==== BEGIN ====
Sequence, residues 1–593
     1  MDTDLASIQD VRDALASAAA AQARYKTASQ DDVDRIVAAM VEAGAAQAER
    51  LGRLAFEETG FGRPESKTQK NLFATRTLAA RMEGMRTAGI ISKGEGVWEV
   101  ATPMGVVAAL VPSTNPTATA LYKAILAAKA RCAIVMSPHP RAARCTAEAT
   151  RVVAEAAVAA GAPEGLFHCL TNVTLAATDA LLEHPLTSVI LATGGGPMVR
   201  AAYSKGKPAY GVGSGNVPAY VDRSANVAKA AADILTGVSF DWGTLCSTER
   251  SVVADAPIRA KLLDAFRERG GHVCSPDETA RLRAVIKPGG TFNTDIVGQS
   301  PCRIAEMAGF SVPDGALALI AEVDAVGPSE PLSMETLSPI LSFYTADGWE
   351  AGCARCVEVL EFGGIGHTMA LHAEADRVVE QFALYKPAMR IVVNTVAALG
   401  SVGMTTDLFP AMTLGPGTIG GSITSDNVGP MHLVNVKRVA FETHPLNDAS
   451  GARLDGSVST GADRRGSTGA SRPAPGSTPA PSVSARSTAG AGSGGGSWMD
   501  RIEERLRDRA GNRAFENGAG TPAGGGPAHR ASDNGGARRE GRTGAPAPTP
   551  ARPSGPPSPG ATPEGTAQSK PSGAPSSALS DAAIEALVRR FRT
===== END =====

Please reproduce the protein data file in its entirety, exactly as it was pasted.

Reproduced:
Sequence, residues 1–593
     1  MDTDLASIQD VRDALASAAA AQARYKTASQ DDVDRIVAAM VEAGAAQAER
    51  LGRLAFEETG FGRPESKTQK NLFATRTLAA RMEGMRTAGI ISKGEGVWEV
   101  ATPMGVVAAL VPSTNPTATA LYKAILAAKA RCAIVMSPHP RAARCTAEAT
   151  RVVAEAAVAA GAPEGLFHCL TNVTLAATDA LLEHPLTSVI LATGGGPMVR
   201  AAYSKGKPAY GVGSGNVPAY VDRSANVAKA AADILTGVSF DWGTLCSTER
   251  SVVADAPIRA KLLDAFRERG GHVCSPDETA RLRAVIKPGG TFNTDIVGQS
   301  PCRIAEMAGF SVPDGALALI AEVDAVGPSE PLSMETLSPI LSFYTADGWE
   351  AGCARCVEVL EFGGIGHTMA LHAEADRVVE QFALYKPAMR IVVNTVAALG
   401  SVGMTTDLFP AMTLGPGTIG GSITSDNVGP MHLVNVKRVA FETHPLNDAS
   451  GARLDGSVST GADRRGSTGA SRPAPGSTPA PSVSARSTAG AGSGGGSWMD
   501  RIEERLRDRA GNRAFENGAG TPAGGGPAHR ASDNGGARRE GRTGAPAPTP
   551  ARPSGPPSPG ATPEGTAQSK PSGAPSSALS DAAIEALVRR FRT